Many a person has asked how I get those poles to stand there with out guy wires. Then I go into everthing from from sky hooks to an old indian medicine mans chant.
If you are drilling a golf ball, make sure it is a solid core ball. Drilling into a 'wound' core ball would be very difficult, and would not be usefull for a clamp handle. However, you should be able to drill a very clean hole into a solid core ball.
I would suggest wearing a full face shield if you don't know what type of ball you have.
I have don't this and they do work great for knobs...
Get a 2 x 4 x 8" long stock (oak if you have some) ,get your hole saw out and cut a hole for the golf ball,now take the 2 x 4 to the band saw and split the 2 x 4 down the center (not all the way) about a 1/4" from the end.
Now put it in the drill press vise and drill down 1/2 way into the ball.
Now take the clamp and remove the pin (grind the end down) ,drill the right size hole in the ball.(just a bit over size,just under 1/2" for my 3" clamps)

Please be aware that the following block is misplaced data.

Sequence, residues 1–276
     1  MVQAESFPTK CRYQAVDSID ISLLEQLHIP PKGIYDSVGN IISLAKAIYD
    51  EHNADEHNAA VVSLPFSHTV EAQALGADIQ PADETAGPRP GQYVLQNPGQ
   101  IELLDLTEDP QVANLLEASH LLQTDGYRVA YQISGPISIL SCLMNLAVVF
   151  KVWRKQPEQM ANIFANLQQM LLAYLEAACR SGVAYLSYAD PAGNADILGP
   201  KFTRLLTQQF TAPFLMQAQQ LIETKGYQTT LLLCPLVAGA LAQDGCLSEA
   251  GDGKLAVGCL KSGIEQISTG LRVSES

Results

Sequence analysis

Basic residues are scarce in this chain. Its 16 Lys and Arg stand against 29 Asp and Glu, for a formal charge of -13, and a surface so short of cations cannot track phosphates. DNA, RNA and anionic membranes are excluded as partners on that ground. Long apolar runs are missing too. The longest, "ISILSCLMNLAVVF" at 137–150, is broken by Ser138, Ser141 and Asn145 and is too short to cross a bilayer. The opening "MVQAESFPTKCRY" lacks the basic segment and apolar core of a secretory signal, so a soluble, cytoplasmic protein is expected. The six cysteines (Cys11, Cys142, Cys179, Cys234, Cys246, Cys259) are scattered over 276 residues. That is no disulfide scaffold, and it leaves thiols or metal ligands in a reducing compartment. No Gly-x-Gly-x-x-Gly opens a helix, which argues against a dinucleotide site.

Now remove the ball and use some J B Weld,fill the hole (1/2 of the way to the top of the ball) now tap the clamp in and let it set over night...I have also used pool balls that work great also.(for big hands) (number 8 looks great) ask the guy at the pool hall they have used one most of the time.
It's rare that you'll find a golf ball that have gasses or liquid in them.
There are many ways to go about drilling into them. Bob has given you an excellent way. Rather drilling solid or wound core golf balls, just take your time and definetly wear a face shield.
Bobj, have you ever seen the "8" ball as a gear shifter?
Yep, I'm a old gear hear and I had one in my 40 Ford...
But back then I used a metal threaded insert to hold it on...or tried to,
3/8-24 insert ,if I recall and it would not stay on the shifter,2nd gear would take it off every time, hahahahahaha the good old days of 3 speed floor shift... and the 327 chev eng.with 2ea. 4b carbs. I sure miss that car